• Mistakes can no longer be erased after a certain age. Everything that you write in ink is irreparable and final, like printed photographs.•
Some scars from childhood stay forever and it’s good to ask for help and save ourselves before we are destroyed. Isn’t it? Well, this is one such beautiful story of Tahir Khan, who lives with his parents in a Refugee Colony and goes to Jaipur for studies. It’s been months since he came out of his room to meet Alex. Why was he in the room for months? Who is Alex?
•Tahir ambles towards the door and disappears into the blotch of Sunlight.•
@crochetbyraman Raman Agarwal brilliantly uncovers the layers of Tahir’s past, his childhood, his parents, his grandparents, his inheritance, his home and the answers he was looking for.
Sometimes we just need someone to listen and heal us, for Tahir it was Alex, who healed him from his past, who helped him get out of the situation. With an exquisite plot and descriptive narration, Raman Agarwal with this story tells the readers how important Mental health is.
From a wretched past to the moments Tahir felt misfit, to losing someone you love the most, and the little moments that make life better, Tahir’s story is one such story of bittersweet moments, and how his life took turns. I loved the way the author narrated, The plot shifts from present to past, and the way it unfolds makes readers curious about what will happen next.
This story has layers! Layers of love, friendship, family history and relationships. The writing style of the author is gripping and absorbing, making readers feel the pain Tahir went through. The way events were taking place, making us realize the moments of grief, the moments of breakdown, the moments of pain, one could feel it all.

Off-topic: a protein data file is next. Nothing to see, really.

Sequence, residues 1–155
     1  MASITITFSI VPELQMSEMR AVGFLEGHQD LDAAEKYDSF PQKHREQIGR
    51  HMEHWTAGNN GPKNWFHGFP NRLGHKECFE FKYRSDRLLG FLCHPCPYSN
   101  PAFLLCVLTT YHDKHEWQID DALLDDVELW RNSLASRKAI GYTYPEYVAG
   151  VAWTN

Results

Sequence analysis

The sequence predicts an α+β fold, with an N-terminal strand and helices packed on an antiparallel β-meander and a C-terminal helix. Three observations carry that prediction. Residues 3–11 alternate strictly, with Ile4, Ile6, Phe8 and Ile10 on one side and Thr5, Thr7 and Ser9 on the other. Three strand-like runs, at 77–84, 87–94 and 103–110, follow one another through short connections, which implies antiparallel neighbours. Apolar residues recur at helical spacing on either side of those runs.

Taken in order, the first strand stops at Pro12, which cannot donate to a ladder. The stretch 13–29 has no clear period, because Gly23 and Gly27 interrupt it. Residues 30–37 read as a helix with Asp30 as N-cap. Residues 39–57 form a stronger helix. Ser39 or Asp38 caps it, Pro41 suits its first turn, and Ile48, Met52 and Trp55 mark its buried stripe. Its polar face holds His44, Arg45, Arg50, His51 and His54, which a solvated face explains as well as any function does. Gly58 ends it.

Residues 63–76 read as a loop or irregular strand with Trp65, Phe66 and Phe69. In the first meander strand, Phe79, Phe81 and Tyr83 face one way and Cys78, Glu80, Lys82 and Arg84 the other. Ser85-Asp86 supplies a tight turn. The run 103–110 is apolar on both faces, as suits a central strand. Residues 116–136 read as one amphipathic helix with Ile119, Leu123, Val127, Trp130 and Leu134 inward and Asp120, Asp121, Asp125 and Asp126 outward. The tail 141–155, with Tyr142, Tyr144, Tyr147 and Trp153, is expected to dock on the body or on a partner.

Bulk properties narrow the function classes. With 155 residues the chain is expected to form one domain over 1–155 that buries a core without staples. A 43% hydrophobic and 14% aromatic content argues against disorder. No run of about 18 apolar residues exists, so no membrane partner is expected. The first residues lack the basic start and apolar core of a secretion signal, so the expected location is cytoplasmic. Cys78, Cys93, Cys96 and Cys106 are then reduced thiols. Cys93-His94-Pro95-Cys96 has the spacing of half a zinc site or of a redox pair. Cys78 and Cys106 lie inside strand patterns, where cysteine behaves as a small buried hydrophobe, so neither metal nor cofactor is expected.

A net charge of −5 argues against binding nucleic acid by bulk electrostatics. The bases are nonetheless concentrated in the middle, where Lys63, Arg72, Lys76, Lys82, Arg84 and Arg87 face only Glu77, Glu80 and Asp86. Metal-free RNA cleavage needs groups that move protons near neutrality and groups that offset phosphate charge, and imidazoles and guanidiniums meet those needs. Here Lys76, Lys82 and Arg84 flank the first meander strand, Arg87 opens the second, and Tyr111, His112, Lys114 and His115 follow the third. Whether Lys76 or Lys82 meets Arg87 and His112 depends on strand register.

The characters are well-developed by the author. I liked Tahir’s father’s character too and the way the story shifts to Tahir’s Grandfather’s story along with the other situations that sheds light on Tahir’s current situation. I loved the last few chapters the most, the time he discovers the truth.
It’s a brilliant, well-executed story that you will love.
“Tahir Khan is perfectly fine, obviously. No teary eyes, bleeding bruises, limping limbs or fluttering eyelids. Nothing can possibly be wrong. Except, he might be dead.”
Tahir lives with Maa and Abba in a refugee colony. A childhood misfortune pushes him down an age long chasm, surrounding him with ominous shadows and illusory objects. As Alex untangles his knotted head, Tahir uncovers a dark past, stored in long forgotten jars.
Crochet is a story of greys, of fractions, of halves, of twins, of dinky dots, of concentric circles, of daisies in gardens, and irises in eyes.
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